02 October, 2014
The widespread use of manual underwriting in the second charge mortgage market has historically been used as a selling point but given the increasing number of products available, is the manual approach still a realistic option for brokers?
Second charge firms have always offered the personal touch when it comes to processing a loan and this approach has often worked well. Yet with hundreds of different rates and loans on offer, can brokers still do the math themselves and claim to be offering customers the best advice?
The Personal Touch
Simon Carr, director of second charges at Precise Mortgages, says he fails to see how brokers will survive without the use of appropriate technology.
“People will argue they have coped for years and will continue to do so, but I fundamentally disagree,” he says.
“More lenders entering the market with an ever increasing number of plans will inevitably lead to brokers having to consider all lenders and all plans to make sure the offer is the correct one.
“Without a system to underwrite the deal, brokers will have to calculate repayments across several lenders to make sure the best/cheapest is offered,” he adds.
Steve Walker, managing director of Promise Solutions, estimates that around 75% of second charge brokers are still underwriting and comparing loans in a manual way because they either don’t want to use technology or don’t want to invest in it.
He says: “Firms should be using technology to identify which product is best for the customer. In my view, a broker can’t manually compare 500 loan products from 20 different lenders and assess which of those is the most appropriate for a client.”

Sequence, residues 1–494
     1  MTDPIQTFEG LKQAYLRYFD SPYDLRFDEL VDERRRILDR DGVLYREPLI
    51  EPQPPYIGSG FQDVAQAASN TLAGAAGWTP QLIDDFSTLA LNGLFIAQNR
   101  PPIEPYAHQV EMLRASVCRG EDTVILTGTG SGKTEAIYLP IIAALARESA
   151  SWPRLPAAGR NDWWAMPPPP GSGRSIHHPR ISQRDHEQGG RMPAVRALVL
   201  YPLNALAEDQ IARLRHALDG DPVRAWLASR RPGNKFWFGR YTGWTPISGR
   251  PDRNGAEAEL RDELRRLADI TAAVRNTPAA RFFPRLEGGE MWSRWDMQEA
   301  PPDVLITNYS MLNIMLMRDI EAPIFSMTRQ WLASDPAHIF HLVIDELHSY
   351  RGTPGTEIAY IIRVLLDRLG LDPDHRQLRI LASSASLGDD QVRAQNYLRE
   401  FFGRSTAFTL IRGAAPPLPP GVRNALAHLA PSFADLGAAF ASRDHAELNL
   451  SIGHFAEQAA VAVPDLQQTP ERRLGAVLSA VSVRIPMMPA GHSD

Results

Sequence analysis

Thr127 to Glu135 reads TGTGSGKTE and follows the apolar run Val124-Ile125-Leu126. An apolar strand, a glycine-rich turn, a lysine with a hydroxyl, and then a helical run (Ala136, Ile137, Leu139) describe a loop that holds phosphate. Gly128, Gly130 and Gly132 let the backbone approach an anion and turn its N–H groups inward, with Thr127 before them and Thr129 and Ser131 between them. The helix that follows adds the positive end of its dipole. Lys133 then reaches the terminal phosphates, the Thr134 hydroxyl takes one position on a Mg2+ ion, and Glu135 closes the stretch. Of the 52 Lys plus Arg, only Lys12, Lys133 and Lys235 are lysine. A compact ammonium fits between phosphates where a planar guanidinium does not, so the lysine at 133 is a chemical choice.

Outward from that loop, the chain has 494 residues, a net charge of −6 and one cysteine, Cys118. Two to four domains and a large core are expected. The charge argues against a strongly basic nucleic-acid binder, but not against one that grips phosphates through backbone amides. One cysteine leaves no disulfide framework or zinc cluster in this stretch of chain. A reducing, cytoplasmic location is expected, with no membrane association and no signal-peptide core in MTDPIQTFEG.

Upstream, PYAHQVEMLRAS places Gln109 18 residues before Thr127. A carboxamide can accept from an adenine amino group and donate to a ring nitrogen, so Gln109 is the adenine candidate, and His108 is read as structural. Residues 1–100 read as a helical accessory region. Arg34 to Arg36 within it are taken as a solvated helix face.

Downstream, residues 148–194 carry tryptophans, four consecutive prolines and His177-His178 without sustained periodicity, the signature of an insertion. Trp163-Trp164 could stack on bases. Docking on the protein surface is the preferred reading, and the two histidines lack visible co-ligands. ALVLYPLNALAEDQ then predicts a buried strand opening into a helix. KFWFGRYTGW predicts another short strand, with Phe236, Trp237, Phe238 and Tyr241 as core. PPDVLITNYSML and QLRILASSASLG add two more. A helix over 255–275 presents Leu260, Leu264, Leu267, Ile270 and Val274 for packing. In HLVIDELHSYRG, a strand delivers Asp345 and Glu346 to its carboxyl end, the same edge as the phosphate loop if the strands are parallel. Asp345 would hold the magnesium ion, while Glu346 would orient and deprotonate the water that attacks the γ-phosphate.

Technology does not just play a part when comparing products, Carr says that the slicker a broker’s back office is, the more time they have to focus on new business.
“If a broker still manually packages a deal and on every case types in the same or similar notes, diary dates and needs (application form, credit agreement, two payslips, one years’ accounts, valuation, mortgage reference and details of credit to clear) and carries out the same actions, then they are less efficient and spend their time in the world of admin and more often than not find themselves playing catch up,” he says.
“There are some very clever CRM system / processing systems that take away a lot of the mundane work involved in packaging a case,” he adds.
Brokers that are unwilling to turn to technology may have no choice under the new regulator – the Financial Conduct Authority.
Richard Pike, sales and marketing director at Phoebus, says the FCA will require evidence via clear audit trails and proof that every second charge sale has been made compliantly.
He says: “The secured loan originations market has generally been more manual than the first charge market which leaves more room for error.
“Manual errors will carry a much higher risk of sanctions in a regulatory regime, so it makes sense for companies to put in compliant technology which can provide full audit trails around documentation and the sales process, integrated with document management and even telephony.”
The new regulations also mean that brokers will have to take more factors into consideration when advising on the best product and carry out a full affordability assessment on the borrower, looking at more than just their income.
Walker says: “As the sector moves towards being advised, technology will become even more important because brokers will have to look at things such as what kind of rate the borrower should be on, and for how long. At the moment some brokers are trying to get away with going for the cheapest rate on a non-advised basis.”
Walker however does not believe regulation in itself should be the catalyst that drives firms towards technology but rather firms should be investing in it because it is the right thing for the client.